Years ago, we had a kitchen designer come by and discuss our dream kitchen. Which, from his estimate, would cost upwards of $10,000. No way! I'd rather travel with that money.
But this time, if we're changing stuff, why do it half-assed? We're replacing the faucets anyway. Why not try to update the current cabinets? I want to keep the current ones. It's more eco-friendly to use what we have and keep the cabinets away from landfills.
As it turns out, many people paint their cabinets. I came across two cabinet kits that seem to do a good job.
The first one was Nuvo Cabinet Paint. I saw pictures of cabinets painted with Cocoa Couture (US$69.95) and fell in love. I also looked into Rust-Oleum's Cabinet Transformations® Dark Kit.
The bug to paint our cabinets bit me and bit me hard. I kept watching YouTube tutorials on how to get it done. It seemed to involve a whole lot of elbow grease, a whole lot of waiting and a whole lot of patience. Not exactly my strengths.
Then I stumbled upon this post. It's possible to change how the cabinets look like for less than US$100? I'm down with that! The post motivated me enough to try painting our guest bathroom cabinets tonight. I read it last night, read other similar blog posts, mulled it over during breakfast today, then headed out to buy the supplies in the afternoon. If I waited too long, I might chicken out from actually doing it.
I went with General Finishes Java Gel Stain and a topcoat. Each pint was $18+ (can't remember exact price). It wasn't available from the home improvement store chains. I found the gel stain and topcoat at a nearby unfinished wood furniture store.
The rest of the supplies, I got from good ol' Dollar Tree. I figured if I mess it up, at least I didn't spend so much. If you're not familiar with Dollar Tree, each item in the picture below costs US$1.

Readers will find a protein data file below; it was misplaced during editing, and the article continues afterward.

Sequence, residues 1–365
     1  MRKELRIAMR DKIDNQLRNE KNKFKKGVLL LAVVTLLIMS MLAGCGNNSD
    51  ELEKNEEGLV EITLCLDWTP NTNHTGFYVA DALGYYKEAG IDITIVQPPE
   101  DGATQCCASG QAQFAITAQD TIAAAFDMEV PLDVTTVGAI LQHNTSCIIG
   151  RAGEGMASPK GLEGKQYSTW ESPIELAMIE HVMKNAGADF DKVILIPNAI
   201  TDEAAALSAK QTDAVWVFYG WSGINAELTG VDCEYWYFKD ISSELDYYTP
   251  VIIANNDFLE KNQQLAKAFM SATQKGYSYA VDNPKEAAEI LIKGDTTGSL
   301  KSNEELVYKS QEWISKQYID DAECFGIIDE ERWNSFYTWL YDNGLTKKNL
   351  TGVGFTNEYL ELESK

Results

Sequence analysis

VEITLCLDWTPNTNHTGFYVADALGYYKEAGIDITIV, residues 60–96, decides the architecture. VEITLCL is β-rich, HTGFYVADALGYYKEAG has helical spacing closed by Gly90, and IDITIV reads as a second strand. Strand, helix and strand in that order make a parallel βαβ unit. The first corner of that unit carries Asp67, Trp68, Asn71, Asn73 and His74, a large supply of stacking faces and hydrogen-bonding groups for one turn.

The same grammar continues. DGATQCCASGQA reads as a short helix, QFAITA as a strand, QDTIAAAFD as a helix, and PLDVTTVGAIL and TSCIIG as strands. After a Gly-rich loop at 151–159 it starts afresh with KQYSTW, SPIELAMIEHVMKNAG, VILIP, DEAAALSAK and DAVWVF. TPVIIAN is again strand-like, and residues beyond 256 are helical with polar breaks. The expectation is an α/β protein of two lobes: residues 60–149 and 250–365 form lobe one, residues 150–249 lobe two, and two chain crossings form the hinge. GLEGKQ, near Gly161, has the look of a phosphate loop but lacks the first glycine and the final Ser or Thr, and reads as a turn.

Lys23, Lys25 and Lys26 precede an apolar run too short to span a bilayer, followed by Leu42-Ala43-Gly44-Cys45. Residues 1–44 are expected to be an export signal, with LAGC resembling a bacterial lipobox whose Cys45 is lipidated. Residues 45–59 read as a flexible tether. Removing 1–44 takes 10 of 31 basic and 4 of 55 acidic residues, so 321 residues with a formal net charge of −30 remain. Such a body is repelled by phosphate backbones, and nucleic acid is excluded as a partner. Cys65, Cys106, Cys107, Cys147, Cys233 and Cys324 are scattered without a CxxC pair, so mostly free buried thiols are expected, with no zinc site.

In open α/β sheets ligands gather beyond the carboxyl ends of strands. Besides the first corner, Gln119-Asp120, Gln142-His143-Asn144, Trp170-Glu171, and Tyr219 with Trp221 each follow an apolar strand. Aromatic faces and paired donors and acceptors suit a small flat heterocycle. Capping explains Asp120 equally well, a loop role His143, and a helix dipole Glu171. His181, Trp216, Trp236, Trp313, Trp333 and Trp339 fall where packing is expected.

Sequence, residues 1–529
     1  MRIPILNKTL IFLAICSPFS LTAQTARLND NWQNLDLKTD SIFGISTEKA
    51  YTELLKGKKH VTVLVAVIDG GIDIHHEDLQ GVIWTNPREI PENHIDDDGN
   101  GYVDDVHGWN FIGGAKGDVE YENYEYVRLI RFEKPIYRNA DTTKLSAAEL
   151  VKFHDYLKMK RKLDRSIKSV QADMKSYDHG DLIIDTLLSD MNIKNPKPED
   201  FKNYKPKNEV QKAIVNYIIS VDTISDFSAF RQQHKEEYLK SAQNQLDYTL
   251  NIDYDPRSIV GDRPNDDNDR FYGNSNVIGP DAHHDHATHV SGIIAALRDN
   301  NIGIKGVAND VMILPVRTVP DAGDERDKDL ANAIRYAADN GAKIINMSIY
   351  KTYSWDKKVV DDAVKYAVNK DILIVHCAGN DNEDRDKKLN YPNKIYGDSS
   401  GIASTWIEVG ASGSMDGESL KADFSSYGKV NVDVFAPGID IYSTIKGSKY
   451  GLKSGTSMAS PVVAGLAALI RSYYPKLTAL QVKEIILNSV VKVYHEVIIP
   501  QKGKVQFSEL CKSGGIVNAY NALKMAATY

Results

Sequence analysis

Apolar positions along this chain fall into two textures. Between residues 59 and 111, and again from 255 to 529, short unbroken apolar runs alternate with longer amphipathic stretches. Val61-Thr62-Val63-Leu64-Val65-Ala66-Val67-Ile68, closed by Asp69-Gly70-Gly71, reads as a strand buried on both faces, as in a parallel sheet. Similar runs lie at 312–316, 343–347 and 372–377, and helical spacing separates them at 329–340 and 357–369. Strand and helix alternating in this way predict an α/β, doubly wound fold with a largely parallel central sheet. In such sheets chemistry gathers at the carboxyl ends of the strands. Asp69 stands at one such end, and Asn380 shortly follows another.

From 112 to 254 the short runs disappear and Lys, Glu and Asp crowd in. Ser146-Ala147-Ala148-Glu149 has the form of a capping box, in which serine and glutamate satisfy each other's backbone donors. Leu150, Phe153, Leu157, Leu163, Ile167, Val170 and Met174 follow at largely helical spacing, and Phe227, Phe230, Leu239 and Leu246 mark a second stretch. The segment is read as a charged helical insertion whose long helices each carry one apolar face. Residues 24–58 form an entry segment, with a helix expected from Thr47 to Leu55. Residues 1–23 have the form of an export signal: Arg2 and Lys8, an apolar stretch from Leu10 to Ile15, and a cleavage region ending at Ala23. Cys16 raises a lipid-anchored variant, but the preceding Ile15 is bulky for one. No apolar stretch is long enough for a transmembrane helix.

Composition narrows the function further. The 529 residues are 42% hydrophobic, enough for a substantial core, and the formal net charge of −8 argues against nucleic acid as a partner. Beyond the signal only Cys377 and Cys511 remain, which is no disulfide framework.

Now you might be wondering, "how bad does their cabinets look like?"
Well, here's how it's been for years. Just your usual dings and scratches, normal wear and tear. Nothing dramatic.
Now here's the cabinet with the first coat of gel stain. If it looks streaky, well, it's supposed to be like that with the first coat. Then it's supposed to improve with the second and third coatings, plus the topcoat. I'm not worried. Instead of using the recommended white sock, I used a foam brush to apply the stain.
Here are the two doors and two drawers with the first coat.
Like usual paint jobs, it's the prep work that takes so long, what with the taping and sanding. I wonder if it's worthwhile to rent a sander when it's time to paint the other cabinets? If this turns out great, I have 14 more cabinet doors and 7 drawers to sand and stain. Oh boy!
Anyway, I'll take some more pictures tomorrow when I've done the second coat. I'm supposed to apply the second coat after 12 hours, then the third coat after 24 hours. But since it's still not summer here, I'll wait 24 hours before applying the second coat.
To be continued...